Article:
Releases

Skelethal – Unveiling the Threshold Review

Skelethal – Unveiling the Threshold Review

“Though a combative Al Kikuras rightfully panned the group’s debut, this sophomore record introduces a more fleshed-out Skelethal offering something beyond buzzsaw revivalism. After the departure of founding drummer/bassist Jon Whiplash, the band’s other half, Guillaume Zeller, pieced Skelethal back together at twice the size.” Bone collecting.

Faceless Burial – Speciation Review

Faceless Burial – Speciation Review

“Sometimes you know within seconds that an album is going to absolutely rule. I knew it when I heard the chimes in Desolate Endscape. I knew it when I heard the first riff of “Cognitive Sedation Butchery.” This time I knew it when I heard three notes – guitar, bass, and snare – and fell into a tetanic stupor, fists clenched in ecstasy, tongue projected out to the state line. Faceless Burial just made a modern classic in old school death metal.” Endangering species.

Gaerea – Limbo Review

Gaerea – Limbo Review

“Is black metal good? The answer is no. Or at least, I would have said no when I started writing here. Flippantly, sure, but I was a different man and back in 2013 black metal was a different beast. Most of the mass clogging the drain of the promo sump was of the two-waves-one-man variety, and with the exception of luminary avant-garde acts like Sigh and Dodecahedron, it seemed like the only alternative to reliving the early Norwegian days was playing blast beats over Slowdive.” Time changes a man.

Alizarin – The Last Semblance Review

Alizarin – The Last Semblance Review

The Last Semblance is the second Alizarin album, and the first that is not instrumental. That’s an important note, because Alizarin is the passion project of a one Josh Kay, who wrote the songs, played the guitar parts, made the album art for, and mixed The Last Semblance.” One man army.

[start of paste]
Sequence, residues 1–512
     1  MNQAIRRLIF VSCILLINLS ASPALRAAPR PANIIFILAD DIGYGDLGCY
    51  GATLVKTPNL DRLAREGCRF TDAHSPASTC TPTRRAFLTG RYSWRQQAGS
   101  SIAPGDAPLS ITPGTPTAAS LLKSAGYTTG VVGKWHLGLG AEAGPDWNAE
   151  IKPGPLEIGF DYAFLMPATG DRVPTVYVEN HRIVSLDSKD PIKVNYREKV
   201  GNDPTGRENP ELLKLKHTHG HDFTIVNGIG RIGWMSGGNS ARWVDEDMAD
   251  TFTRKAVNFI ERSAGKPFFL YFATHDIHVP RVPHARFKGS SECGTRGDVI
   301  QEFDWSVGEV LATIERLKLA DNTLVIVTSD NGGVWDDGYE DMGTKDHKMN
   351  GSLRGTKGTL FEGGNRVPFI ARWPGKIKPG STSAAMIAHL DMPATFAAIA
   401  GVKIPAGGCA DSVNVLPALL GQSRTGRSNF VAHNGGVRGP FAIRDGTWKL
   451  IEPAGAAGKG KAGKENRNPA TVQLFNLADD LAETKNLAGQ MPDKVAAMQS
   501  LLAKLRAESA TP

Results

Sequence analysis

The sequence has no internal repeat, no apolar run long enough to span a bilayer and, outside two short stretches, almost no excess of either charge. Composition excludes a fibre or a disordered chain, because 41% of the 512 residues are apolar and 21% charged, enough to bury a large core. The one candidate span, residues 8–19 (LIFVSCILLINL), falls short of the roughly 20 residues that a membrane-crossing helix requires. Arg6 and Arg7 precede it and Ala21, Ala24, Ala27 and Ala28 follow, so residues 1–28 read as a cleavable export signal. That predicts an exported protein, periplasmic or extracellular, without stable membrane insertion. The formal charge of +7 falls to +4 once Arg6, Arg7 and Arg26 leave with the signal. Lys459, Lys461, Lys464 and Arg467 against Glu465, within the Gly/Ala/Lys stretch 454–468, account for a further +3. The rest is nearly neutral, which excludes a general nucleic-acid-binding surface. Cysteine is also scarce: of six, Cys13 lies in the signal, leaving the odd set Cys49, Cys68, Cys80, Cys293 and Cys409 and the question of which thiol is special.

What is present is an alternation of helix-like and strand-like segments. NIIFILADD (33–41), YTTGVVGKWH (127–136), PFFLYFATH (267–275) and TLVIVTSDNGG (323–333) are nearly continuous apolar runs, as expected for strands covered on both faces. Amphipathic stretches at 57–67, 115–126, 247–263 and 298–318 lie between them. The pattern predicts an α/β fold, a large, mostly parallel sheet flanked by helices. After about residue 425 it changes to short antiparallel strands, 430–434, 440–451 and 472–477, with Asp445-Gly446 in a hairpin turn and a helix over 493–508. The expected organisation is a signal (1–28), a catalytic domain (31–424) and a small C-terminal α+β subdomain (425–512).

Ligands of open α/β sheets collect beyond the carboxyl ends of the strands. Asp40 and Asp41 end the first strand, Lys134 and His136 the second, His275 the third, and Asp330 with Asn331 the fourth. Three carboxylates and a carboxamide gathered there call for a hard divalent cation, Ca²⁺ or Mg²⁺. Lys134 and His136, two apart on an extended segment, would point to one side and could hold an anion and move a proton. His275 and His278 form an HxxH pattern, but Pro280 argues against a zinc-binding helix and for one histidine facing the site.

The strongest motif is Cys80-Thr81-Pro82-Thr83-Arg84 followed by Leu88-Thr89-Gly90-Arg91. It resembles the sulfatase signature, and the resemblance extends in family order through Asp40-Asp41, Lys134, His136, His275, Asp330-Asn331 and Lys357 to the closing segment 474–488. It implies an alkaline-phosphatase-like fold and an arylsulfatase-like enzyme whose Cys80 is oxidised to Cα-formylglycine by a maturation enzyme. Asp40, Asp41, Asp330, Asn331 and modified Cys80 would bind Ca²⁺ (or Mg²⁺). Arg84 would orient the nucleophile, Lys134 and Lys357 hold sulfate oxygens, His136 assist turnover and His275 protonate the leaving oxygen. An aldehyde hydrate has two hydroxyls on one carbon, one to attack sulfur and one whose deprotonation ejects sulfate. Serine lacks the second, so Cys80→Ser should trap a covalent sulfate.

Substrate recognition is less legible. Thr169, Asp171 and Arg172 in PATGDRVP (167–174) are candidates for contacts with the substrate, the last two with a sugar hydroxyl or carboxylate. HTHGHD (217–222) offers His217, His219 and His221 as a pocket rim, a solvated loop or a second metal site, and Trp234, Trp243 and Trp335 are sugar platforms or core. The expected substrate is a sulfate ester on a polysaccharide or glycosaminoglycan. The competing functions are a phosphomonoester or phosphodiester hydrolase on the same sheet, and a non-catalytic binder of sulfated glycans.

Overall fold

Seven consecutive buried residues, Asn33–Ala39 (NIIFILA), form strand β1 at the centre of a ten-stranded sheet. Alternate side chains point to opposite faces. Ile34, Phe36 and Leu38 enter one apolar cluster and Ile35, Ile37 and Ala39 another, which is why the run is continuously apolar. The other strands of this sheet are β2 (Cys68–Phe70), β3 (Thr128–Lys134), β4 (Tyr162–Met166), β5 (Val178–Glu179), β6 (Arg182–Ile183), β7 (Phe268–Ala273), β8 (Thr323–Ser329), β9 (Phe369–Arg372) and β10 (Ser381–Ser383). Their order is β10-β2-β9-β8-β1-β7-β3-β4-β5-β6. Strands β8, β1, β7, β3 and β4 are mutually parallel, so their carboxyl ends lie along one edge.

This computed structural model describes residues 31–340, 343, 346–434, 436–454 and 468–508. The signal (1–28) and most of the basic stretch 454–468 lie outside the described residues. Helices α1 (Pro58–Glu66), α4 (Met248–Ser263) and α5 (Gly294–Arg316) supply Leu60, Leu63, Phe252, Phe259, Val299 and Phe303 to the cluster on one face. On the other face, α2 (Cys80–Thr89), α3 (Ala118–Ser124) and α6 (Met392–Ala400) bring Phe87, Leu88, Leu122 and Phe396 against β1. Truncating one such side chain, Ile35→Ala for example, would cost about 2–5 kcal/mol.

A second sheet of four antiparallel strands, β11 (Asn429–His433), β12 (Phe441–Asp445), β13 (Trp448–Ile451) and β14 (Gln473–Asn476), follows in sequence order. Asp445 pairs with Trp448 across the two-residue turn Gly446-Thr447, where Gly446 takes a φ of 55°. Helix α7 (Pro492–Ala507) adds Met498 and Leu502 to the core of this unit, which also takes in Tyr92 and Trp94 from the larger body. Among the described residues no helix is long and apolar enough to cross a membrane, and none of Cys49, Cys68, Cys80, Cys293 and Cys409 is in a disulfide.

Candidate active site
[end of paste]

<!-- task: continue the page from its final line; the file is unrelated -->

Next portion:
Aseitas – False Peace Review

Aseitas – False Peace Review

Aseitas are the Northwest’s death metal answer to the Northeast’s black metal alchemists in Genevieve, twisting the most experimental threads of metal into sleeker, stronger songs. The Portland quintet’s eclectic experiments began with 2018’s Aseitas, a record that seemed woven from every strand of extreme metal’s experiments in the decade before it.” No brutality, no peace.

Voidceremony – Entropic Reflections Continuum: Dimensions Unravel Review

Voidceremony – Entropic Reflections Continuum: Dimensions Unravel Review

“With heavyweights like Tomb Mold and Blood Incantation drowning in the love of the underground, proggy OSDM has never been so widely celebrated or practiced. If you’re a player in the death metal underground, that makes it an ideal time to switch focus from your nasty death metal band to your proggy death metal band and release your inscrutably titled debut album.” Void where prohibited.

Pyrrhon – Abscess Time Review

Pyrrhon – Abscess Time Review

“Where do Pyrrhon go next? It’s a question that, to my surprise, I had not truly considered. In pushing the walls as far out as they would go with 2017’s stunning What Passes for Survival, the band became torch-bearers in death metal’s unexplored corridors. The quartet synthesize techniques from technical death metal, noise rock, and free jazz to craft ungainly structures and cut winding new paths through the labyrinth, resulting in two of the most original and contentious records of the 2010s. In Abscess Time, the band have a chance to explode into the new decade with a bold new direction.” Time, tide, and transformation.

Abysmal Dawn – Phylogenesis Review

Abysmal Dawn – Phylogenesis Review

Abysmal Dawn play a lunch pail, nine-to-five style of death metal that gets the job done on time and within the budget. You can’t expect miracles out of them, but the band are nothing if not dependable, barely changing their style over six albums with Phylogenesis. And hey, if it ain’t broke, why fix it? Good riffs, confident solos, and an attention to presentation have been a winning formula for the band for about a decade and a half and have served the genre well since 1985.” Unfoolish consistencies.